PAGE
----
But it’s not the same, you insist? Yes, it is. It’s damned well exactly the same.

And let’s test how you really feel on the subject. Say the story were that the Rockies were after character and as a result they refused to hire Christians into the organization. If you feel differently about these two propositions, then you need to sit down and have a hard look at yourself.

5: I don’t really worry about that stuff. I just like the team.

Hey, I’d like to like the team. It’s a great story if you can get past the discrimination.

But when you put your support and your dollars behind them, for whatever reasons, you’re endorsing the point of view, whether you want to admit it or not. And if you’re ponying up for tickets, merchandise, concessions, parking – and if you’re supporting their advertisers with your dollars – you’re paying them to continue discriminating.

During the Civil Rights movement they had it figured out. You stop patronizing those who act against you.

So there. That’s my reasoning. As a moral and thoughtful citizen, as a man who has worked his whole life to cultivate the kind of character required to be successful in life, I have an obligation to speak out against discrimination and injustice in my community.

I’ve never really thought of the Boston Red Sox organization as a beacon of liberty, exactly – they were just a baseball team I learned to love when I lived there. But I guess that’s the role they’ll be playing when Josh Beckett throws the first pitch tomorrow night.

Go Sox – and may the organization with superior character win.

75 replies »

  1. The thing is that a LOT of Christians I know agree with us. They’re just as appalled as I am at how things have been hijacked.

    I keep hoping people will come around, and they will eventually.

  2. Thanks for this, Sam. I’d been meaning to ask you to write about this. The Rockies’ practices are despicable, and you call it exactly as it is. Not that their defenders won’t engage in character assassination – which seems odd from those who esteem character as much as they say they do.

  3. I had forgotten this little bit of trivia about the Rockies, or perhaps just blocked it from my brain to defend myself from the stupidity.

    Of course, now I’m not just rooting for the Sox (which I was doing anyway), but also that what wins the Series is a homer from Kevin Youkilis, a heathen Jew.

  4. If it makes you feel any better, I think Youkilis is the only Jew left on the team now that Gabe Kapler and Adam Stern have been traded. So the Sox are that much closer to being able to give Team Jesus a run for their money.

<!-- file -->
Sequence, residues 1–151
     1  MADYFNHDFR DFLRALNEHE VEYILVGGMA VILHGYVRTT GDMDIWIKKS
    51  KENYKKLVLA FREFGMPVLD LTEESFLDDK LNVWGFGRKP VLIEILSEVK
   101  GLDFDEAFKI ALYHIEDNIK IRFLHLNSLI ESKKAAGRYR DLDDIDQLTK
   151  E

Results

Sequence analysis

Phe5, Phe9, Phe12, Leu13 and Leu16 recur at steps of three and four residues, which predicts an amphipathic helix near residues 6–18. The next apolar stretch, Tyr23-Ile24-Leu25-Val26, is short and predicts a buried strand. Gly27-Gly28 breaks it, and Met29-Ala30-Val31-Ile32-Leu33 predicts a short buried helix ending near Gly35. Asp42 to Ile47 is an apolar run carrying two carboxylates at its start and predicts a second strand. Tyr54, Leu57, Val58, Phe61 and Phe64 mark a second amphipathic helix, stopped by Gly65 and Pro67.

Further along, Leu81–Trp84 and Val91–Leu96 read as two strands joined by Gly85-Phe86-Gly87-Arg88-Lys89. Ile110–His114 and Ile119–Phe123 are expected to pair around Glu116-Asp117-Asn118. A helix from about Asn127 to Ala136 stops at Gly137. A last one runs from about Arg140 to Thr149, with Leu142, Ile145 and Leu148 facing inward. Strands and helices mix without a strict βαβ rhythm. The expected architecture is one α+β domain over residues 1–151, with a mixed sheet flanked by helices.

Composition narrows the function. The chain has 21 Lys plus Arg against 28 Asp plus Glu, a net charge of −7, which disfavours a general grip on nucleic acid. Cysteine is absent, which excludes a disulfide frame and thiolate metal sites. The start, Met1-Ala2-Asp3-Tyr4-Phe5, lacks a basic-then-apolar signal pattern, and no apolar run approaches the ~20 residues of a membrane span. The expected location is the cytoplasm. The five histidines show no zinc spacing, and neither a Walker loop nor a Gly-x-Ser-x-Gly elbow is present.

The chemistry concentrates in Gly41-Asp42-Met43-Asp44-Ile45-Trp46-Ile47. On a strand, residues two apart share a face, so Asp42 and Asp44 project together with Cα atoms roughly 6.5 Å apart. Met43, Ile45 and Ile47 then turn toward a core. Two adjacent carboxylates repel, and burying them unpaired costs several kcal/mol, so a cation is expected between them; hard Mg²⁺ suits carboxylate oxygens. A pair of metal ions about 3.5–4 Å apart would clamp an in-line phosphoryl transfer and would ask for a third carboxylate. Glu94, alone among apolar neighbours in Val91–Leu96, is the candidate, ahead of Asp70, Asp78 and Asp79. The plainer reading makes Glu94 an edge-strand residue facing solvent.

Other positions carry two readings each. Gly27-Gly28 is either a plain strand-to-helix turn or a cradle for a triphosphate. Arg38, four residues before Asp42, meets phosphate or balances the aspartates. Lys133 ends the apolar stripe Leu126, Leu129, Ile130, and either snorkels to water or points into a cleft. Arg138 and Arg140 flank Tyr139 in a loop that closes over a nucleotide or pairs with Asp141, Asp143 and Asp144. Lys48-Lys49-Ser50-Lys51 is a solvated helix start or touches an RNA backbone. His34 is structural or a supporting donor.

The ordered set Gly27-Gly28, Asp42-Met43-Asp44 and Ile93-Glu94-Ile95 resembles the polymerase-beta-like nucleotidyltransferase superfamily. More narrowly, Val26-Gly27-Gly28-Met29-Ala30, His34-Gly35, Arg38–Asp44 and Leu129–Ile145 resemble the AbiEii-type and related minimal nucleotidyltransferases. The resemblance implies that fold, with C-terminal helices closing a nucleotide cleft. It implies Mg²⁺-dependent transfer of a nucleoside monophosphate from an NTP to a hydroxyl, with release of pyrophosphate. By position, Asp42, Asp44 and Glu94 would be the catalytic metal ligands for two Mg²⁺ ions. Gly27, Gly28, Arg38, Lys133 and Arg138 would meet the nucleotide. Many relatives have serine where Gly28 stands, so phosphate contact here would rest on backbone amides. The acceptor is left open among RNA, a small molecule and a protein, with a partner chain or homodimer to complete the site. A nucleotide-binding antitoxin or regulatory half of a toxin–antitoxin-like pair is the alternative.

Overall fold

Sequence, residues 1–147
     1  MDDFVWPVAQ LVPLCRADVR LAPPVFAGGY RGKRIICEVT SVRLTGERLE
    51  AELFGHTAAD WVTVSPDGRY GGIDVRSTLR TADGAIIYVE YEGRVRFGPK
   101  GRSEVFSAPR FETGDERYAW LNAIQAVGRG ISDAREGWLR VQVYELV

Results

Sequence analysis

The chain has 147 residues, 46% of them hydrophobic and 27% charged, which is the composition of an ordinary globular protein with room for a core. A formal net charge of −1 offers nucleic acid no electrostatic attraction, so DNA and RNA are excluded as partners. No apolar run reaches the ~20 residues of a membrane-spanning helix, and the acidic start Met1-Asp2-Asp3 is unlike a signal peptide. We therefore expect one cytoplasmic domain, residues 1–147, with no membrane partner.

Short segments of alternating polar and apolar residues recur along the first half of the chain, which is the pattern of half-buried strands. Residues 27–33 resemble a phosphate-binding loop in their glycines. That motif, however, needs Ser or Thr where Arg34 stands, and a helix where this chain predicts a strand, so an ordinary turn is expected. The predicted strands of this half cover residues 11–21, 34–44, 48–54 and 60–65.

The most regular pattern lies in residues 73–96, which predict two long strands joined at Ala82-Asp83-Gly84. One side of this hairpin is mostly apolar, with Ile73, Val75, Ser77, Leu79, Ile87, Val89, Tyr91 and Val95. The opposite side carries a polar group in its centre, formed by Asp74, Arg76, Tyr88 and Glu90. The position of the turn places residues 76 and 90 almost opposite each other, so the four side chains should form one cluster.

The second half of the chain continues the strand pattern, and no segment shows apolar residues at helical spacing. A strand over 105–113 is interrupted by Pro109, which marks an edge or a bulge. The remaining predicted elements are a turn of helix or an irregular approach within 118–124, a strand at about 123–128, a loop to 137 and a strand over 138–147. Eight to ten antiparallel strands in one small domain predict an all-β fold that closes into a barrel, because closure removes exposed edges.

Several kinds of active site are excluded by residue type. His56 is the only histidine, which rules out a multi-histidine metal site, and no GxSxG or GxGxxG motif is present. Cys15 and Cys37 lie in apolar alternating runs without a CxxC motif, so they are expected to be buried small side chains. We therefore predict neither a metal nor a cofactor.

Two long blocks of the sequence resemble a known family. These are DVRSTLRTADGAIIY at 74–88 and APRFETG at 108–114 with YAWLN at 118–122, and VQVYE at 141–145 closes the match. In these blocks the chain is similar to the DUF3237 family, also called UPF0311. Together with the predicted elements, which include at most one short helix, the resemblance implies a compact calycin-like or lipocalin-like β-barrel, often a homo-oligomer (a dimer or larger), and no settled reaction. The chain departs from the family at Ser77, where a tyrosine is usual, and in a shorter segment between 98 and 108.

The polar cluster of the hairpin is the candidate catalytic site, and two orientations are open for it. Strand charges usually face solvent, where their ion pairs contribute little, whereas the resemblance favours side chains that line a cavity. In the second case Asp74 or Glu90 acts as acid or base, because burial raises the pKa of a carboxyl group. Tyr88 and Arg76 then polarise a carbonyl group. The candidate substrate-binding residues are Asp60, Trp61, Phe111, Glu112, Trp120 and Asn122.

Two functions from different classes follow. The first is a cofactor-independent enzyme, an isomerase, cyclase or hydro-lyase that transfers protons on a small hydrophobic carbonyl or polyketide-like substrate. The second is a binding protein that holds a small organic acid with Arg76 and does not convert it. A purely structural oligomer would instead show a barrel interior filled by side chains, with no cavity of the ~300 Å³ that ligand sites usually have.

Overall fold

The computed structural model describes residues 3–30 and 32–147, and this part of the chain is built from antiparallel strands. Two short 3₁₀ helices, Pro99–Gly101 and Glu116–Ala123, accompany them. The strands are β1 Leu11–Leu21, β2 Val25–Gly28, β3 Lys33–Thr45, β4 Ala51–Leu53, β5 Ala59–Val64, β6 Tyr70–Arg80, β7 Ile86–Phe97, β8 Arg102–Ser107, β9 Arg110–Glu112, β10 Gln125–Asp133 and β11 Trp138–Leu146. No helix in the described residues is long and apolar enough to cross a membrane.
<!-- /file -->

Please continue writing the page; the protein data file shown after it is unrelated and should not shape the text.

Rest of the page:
5. Great piece, Sam! I didn’t know any of this, and I’m not sure how I missed it.

    As for Christians, what I say to them is that I think there should be more of them, and the whole world should be FULL of them.

    It’s just that I never met a real one ;-).

  6. JSO: What’s remarkable is that since I moved back to Colorado several months ago I have found precisely two people who seemed to be aware of this. I guess the story got zero play out here, but it was in feckin’ USA Today, right? Stunning, really.

  7. Well, crap. Now I’m torn because I’ve grown to loathe the Red Sox over the summer but no way I can root for the Rockies, now. Stupid Mets. I blame them.

  8. Evidence that Christianity does not equal good sportsmanship:

    Forget the divine powers; he’s got at least a foot and a half on both those kids.

  9. Sox too. Below excerpt from Boston Globe article describes where they were in 2005, though it’s the players, not the organization, as with the Rockies:

    As the Sunday baseball crowd streamed into the park less than an hour before the defending world champions played their 128th game of the season, a dozen members of the Red Sox — the largest group of evangelical Christians on any team in Major League Baseball — joined an equal number of coaches and staffers in sharing a bond of faith that is fast becoming the stuff of national renown among religious figures in sports.

    Similar contrasts in the size of the Sox congregations and others have seized the attention of baseball chaplains across the country.

    ”Without question, chapel attendance among the Red Sox has been far and away more than any of the major league teams over the last two years,” said Vince Nauss, president of Baseball Chapel.